There are not many studies concerning immediate effects of stress in early postnatal ontogenesis on the state of glial cells in the hippocampus. Osborne et al. demonstrated an increase in the IL-1β mRNA level in the hippocampus 24 h after E. coli (ATCC 1547) injection on PD4. Yet, no signs of microglial activation were revealed in either the CA1 and CA3 subfields or in the DG [119]. Subcutaneous LPS injection on PD3 and PD5 resulted in an increase in GFAP+ but not Iba-1+ immunostaining optical density in the SGZ on PD8 [120]. Saavedra et al. showed an increase in the percent of activated microglia in the CA3 and DG 24 h after systemic LPS administration on PD14. It was accompanied by an increase in IL-1β level 90 min after LPS injection [121]. A decrease in the GFAP+ cells’ number in the CA3 and DG was revealed 24 h after systemic LPS injection on PD14; a 2-fold increase in the soma size of GFAP+ cells was evident in the DG only [121]. Daily maternal separation during the 2 first postnatal weeks did not increase the IL-1β level, though it resulted in a rise of the percent of activated microglia in both the CA3 and DG [121]. A decrease in astrocyte cell population density was revealed in both the CA3 and DG, though the number of astrocyte processes per cell was diminished only in the CA3 region [121]. Another study of maternal separation during PD10 [122], instead of PD 14 in [121], demonstrated an increase in the Iba-1+ immunostaining optical density in the hippocampus, while no changes in the GFAP+ immunostaining optical density were detected. A study of maternal separation during the 2 first postnatal weeks in mice also showed an increase in the microglial cell density population in the whole hippocampus [102]. This increase was accompanied by changes in the gene expression pattern showing significant dysregulation of 58 genes involved in the cell cycle and apoptosis (e.g., Casp8), pro-inflammatory activation (e.g., Il-1α, Il-1r1), cell migration (e.g., Cx3cr1) and phagocytosis (e.g., C1q, Itgam/CD11b). The results of the promoter analysis in the hippocampus suggest that maternal separation alters the microglial gene expression profile on PD14 by modifying the activity of the Creb1, SP1, and RelA (a subunit of the NFKB transcription factor) [102].
Some authors report even a decrease in the Iba-1 staining optical density, which may be attributed to reduction of the Iba-1 staining intensity or to the cell population density decrease. Unfortunately, it is virtually impossible to differentiate between scenarios taking place judging only by the immunostaining optical density, though this is the simplest and fastest way to get results. Hoeijmakers et al. showed that limiting the nesting and bedding material from PD2 to PD9 resulted in an increase in IL-1β expression in the hippocampus and simultaneously in a decrease in the Iba-1 staining optical density in the hilus of the DG on PD9 [123]. The optical density of GFAP immunostaining, a marker of astrocytes, was also decreased in the stratum lacunosum-moleculare of the hippocampus but not in other structures, including the DG. Early life stress induced neither changes in the morphological features of hippocampal astrocytes nor the mRNA expression of astrocytic markers such as Aldh1l1, Gfap, Vimentin, Aqp4, Fasn, Glast, Glut1, and GluS [124].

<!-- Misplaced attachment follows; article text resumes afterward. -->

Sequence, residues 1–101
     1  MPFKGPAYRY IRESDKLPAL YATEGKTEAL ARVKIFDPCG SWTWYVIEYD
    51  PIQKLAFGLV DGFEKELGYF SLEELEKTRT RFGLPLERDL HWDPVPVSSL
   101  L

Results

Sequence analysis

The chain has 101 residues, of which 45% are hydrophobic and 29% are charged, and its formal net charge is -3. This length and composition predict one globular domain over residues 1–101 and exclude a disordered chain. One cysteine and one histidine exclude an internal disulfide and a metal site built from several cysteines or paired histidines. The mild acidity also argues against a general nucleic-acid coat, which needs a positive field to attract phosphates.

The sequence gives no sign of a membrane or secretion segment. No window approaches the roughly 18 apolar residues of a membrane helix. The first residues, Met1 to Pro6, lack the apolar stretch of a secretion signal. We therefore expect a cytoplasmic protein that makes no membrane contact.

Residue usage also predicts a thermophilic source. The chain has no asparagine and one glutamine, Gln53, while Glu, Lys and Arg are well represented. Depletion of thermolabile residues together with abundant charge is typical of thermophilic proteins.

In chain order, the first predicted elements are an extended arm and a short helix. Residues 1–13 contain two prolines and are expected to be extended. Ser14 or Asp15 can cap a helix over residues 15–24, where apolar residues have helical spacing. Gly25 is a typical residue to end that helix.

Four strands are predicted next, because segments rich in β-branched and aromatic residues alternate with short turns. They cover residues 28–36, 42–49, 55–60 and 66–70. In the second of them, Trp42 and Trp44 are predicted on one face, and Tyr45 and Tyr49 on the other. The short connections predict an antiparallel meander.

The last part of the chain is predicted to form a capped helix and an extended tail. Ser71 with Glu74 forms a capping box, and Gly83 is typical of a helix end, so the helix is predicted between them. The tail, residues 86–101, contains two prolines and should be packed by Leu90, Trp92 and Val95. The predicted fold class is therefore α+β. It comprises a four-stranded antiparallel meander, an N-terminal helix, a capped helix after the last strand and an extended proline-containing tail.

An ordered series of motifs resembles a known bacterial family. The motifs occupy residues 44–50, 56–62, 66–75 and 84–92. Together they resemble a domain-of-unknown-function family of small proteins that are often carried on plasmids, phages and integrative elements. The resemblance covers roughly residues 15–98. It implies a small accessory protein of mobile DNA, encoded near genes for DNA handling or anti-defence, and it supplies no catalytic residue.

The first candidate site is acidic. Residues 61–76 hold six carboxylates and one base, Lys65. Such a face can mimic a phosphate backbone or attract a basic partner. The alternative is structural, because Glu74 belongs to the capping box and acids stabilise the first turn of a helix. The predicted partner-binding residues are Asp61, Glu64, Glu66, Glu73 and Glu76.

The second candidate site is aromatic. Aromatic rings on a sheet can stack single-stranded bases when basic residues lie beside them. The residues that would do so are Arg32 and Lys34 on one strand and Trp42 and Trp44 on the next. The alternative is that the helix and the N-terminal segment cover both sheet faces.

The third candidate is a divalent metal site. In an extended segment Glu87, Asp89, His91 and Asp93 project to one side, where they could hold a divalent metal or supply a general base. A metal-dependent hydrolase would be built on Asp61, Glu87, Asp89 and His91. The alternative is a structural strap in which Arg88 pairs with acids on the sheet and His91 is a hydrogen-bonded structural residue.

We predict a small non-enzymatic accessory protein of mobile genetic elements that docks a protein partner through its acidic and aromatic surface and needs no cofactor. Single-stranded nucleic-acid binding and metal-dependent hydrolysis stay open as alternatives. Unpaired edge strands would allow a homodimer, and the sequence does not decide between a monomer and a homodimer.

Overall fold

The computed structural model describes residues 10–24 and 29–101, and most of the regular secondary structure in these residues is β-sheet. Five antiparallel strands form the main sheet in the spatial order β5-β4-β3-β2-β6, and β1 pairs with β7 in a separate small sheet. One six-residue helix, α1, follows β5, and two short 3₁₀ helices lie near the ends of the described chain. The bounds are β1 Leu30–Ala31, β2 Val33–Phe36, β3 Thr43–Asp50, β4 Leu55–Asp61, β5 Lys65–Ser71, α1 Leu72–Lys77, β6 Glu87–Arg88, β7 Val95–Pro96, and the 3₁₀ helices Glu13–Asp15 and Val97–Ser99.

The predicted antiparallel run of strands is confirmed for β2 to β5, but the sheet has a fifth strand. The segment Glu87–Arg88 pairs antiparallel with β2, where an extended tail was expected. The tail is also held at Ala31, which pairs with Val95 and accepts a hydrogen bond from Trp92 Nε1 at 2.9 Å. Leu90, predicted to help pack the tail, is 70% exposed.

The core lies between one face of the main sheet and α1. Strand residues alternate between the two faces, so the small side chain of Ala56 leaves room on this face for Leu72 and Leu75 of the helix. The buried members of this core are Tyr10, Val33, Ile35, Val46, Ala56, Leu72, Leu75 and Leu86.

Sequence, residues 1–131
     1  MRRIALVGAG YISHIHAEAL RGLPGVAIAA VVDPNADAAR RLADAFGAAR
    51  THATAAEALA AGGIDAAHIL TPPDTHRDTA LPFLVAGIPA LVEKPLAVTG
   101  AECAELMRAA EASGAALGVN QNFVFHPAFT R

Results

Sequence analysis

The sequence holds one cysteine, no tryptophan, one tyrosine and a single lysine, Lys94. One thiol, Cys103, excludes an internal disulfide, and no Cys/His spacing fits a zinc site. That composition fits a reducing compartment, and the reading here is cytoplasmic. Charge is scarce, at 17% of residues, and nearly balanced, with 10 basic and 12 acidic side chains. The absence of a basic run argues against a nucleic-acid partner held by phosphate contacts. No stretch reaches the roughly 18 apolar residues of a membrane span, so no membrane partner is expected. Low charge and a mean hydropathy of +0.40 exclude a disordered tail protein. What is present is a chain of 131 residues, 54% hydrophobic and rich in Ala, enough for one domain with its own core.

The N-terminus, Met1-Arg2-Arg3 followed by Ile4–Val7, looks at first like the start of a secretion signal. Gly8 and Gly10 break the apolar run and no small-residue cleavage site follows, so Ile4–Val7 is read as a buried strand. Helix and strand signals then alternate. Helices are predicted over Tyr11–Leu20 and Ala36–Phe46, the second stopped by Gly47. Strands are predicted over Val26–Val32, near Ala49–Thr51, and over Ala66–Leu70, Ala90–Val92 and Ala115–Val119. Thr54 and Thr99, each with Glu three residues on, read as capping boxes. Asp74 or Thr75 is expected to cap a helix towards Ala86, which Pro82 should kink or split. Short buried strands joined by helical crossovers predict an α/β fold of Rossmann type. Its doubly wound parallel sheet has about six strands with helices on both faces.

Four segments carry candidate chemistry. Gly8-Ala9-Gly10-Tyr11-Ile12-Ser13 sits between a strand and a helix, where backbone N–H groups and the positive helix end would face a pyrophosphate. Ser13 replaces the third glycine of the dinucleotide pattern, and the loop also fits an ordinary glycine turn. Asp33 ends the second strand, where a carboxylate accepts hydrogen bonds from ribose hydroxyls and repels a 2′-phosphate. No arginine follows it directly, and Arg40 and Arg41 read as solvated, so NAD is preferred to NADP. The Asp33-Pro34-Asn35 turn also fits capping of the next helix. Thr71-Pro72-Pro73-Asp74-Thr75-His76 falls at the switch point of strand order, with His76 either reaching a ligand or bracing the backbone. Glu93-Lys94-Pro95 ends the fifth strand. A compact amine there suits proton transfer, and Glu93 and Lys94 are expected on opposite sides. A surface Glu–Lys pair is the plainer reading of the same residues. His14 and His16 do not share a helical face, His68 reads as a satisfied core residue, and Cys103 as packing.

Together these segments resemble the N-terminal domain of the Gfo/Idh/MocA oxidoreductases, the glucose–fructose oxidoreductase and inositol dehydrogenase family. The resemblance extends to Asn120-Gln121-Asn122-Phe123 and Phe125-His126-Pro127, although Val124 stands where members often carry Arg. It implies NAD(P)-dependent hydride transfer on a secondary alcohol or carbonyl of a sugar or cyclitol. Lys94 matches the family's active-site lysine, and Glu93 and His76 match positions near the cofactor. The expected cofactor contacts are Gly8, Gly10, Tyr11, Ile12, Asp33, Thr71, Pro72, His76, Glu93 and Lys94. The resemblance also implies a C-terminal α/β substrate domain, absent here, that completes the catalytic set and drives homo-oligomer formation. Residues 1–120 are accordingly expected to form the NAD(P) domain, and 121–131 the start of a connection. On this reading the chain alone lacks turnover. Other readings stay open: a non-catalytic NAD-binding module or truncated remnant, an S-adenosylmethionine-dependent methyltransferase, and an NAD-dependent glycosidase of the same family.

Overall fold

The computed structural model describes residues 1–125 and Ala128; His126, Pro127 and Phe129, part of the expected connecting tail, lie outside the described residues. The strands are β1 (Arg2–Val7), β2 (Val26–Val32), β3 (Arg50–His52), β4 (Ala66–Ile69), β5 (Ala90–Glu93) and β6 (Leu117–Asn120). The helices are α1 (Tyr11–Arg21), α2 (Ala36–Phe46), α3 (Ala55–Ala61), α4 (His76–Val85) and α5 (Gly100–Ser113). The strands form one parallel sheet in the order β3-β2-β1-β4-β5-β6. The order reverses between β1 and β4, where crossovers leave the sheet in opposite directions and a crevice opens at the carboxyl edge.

Thus, the majority of reports considering the immediate effects of early life stress on brain tissue demonstrate moderate neuroinflammation in the hippocampus manifested primarily as an elevation in interleukin levels, usually but not necessarily, accompanied by morphologically evident microglial activation. In contrast, astrocytes demonstrate rather a decrease in cell number or GFAP expression within the first day after the onset of an early life adverse event.

6.2. Delayed Effects of Early Aversive Events on Glial Cells

The long-term effects of early disturbances in the microglial functioning may be explained with a phenomenon called microglial priming. Exposure to glucocorticoids induces unspecific sensitization of microglial cells to subsequent pro-inflammatory stimuli [125,126,127]. It is noteworthy that another type of steroid hormone, estradiol, is also suggested to be a priming agent for microglia in early ontogenesis as well as the basis of microglial sexual dimorphism. The research groups of J.J. Watters and S.D. Bilbo showed that microglial cells should be sexually dimorphic to ensure normal ontogenesis [128,129,130]. Recently, several groups confirmed that adverse events during early ontogenesis have differential long-lasting effects on male and female subjects [131,132,133,134]. Some authors suggest that sex differences in microglia underlie distinctions in the occurrence of mental illnesses such as autism [135], Parkinson’s disease, and multiple sclerosis in men and women [136,137].